We are living in unprecedented times and the months ahead will undoubtedly be challenging for us all.
While COVID-19 continues to cause concern, many parents who are separated or divorced are faced with even bigger challenges.
The trials of family life are different for everyone, but crisis situations can crank up the pressure on those families that are merged or separated. How can these families ensure each parent gets to see the children without placing any additional risk on the children’s and other family members’ health?
While travel between separated parents is currently permitted during this period of restriction, parents should be mindful that this is not carte blanche permission for contact to go ahead regardless. The health and wellbeing of children must remain at the forefront of all decisions made.
Although at the moment, allowing children of separated parents to move between houses is one of the lock down exceptions, if anyone in the household begins to have symptoms then the current guidance of 14 days isolation will still apply and contact with a child will have to be paused. This is true even when a court order is in place.
As the number of COVID-19 cases grows, it will be increasingly important to keep childcare arrangements under review. If isolation does become necessary, separated parents should think about indirect methods of contact for example facetime, phone calls, watch parties and emails. If this does occur, looking to the future is important too. CAFCASS, the advisory service for the family courts, stress the need for separated parents to work together to ‘make up’ any missed time when things go back to normal.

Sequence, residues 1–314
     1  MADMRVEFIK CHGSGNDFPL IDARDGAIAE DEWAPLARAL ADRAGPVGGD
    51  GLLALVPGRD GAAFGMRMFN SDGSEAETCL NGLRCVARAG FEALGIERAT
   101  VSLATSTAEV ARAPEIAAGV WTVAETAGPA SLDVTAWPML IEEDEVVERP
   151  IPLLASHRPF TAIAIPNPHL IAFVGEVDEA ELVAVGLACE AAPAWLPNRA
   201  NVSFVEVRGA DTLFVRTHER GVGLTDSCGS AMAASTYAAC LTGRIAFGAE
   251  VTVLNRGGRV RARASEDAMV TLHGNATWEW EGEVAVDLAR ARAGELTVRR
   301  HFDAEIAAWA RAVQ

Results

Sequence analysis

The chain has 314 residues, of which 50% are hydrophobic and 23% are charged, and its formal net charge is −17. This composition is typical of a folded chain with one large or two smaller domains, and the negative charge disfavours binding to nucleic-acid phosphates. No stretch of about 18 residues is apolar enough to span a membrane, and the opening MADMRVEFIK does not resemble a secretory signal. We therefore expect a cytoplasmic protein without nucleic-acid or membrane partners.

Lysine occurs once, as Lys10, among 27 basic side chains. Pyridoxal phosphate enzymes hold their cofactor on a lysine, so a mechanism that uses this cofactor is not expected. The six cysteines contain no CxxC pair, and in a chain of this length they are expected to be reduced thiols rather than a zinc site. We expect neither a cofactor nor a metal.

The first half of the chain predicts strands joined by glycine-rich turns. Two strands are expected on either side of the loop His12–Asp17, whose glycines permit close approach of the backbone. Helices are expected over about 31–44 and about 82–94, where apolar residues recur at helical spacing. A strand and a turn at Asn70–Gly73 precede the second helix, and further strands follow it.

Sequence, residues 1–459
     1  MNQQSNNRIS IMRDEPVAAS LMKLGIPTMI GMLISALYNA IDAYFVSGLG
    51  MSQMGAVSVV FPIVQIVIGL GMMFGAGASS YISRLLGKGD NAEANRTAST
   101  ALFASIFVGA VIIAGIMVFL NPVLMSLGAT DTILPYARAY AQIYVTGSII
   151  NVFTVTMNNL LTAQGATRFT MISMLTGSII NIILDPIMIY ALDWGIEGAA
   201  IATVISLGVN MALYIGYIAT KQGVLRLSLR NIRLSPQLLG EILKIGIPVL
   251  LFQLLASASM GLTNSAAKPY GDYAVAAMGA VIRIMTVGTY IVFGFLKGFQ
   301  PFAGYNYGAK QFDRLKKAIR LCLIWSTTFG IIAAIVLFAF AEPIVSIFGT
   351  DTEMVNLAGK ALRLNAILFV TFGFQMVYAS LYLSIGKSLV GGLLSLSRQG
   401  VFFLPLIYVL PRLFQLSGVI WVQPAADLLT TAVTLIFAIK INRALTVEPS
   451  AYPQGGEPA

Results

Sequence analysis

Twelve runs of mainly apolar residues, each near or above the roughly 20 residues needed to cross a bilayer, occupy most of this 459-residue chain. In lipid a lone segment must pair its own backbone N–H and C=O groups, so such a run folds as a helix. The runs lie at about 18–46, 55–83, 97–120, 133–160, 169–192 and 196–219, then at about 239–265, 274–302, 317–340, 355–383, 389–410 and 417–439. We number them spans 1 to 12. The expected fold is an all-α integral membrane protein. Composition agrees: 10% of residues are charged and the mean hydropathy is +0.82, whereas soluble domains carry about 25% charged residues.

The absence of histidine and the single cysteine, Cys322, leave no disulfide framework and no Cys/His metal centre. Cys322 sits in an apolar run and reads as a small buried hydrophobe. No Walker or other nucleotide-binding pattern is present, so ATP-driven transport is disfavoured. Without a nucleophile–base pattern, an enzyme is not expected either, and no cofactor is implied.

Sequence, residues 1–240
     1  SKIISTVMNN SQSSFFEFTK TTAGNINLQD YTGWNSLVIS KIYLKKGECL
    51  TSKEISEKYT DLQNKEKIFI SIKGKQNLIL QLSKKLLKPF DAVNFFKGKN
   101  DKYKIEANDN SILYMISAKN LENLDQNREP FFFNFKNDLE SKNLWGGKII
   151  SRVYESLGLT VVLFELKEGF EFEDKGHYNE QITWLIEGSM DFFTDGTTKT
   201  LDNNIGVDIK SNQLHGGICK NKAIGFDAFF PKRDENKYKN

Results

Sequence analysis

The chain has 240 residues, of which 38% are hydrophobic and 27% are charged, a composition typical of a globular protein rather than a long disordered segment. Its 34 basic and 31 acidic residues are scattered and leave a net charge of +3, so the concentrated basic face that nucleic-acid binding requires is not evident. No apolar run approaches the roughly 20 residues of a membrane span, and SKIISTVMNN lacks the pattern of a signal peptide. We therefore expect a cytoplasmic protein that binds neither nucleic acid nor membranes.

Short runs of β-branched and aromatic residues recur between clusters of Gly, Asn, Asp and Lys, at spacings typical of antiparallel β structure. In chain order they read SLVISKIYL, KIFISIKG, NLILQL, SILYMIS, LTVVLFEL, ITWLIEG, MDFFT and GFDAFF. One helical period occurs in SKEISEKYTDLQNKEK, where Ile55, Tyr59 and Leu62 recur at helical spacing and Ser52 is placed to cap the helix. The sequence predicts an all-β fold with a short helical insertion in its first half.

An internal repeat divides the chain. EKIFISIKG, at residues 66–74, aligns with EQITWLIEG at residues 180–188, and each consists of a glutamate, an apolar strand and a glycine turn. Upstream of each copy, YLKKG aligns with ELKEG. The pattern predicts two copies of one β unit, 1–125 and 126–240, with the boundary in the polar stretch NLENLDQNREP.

To summarise, separated parents should bear the following points in mind:
- Currently, travel between separated parents is allowed
- If isolation is required due to coronavirus symptoms, then be open and frank about it with your former partner and follow government guidance
- If one family has had to isolate or there has been a restriction in contact, then think proactively about how that time could be made up
- Look at what short term contact measures could be put in place such as facetime, skype or phone calls.
Most important of all is for parents to work together such that any additional tensions due to family circumstances are minimised. This is a difficult time for us all and it is important that any additional stress is kept to a minimum, especially where children are concerned.
Although the internet can be a useful source of help for information on family law, on-line advice can also be misleading and complicated. In these unprecedented times, it is even more important to seek expert advice if you’re having any problems our doubts surrounding appropriate arrangements for your children.
Family law experts continue to provide a full service to support people through these tricky times. We are utilising all available technology so we can connect without having to meet in person.
About the author
Katy Barber is a specialist in family law at Moore Blatch. She helps people facing relationship breakdown and those going through divorce. She also and works closely with parents facing issues linked to contact with their children.
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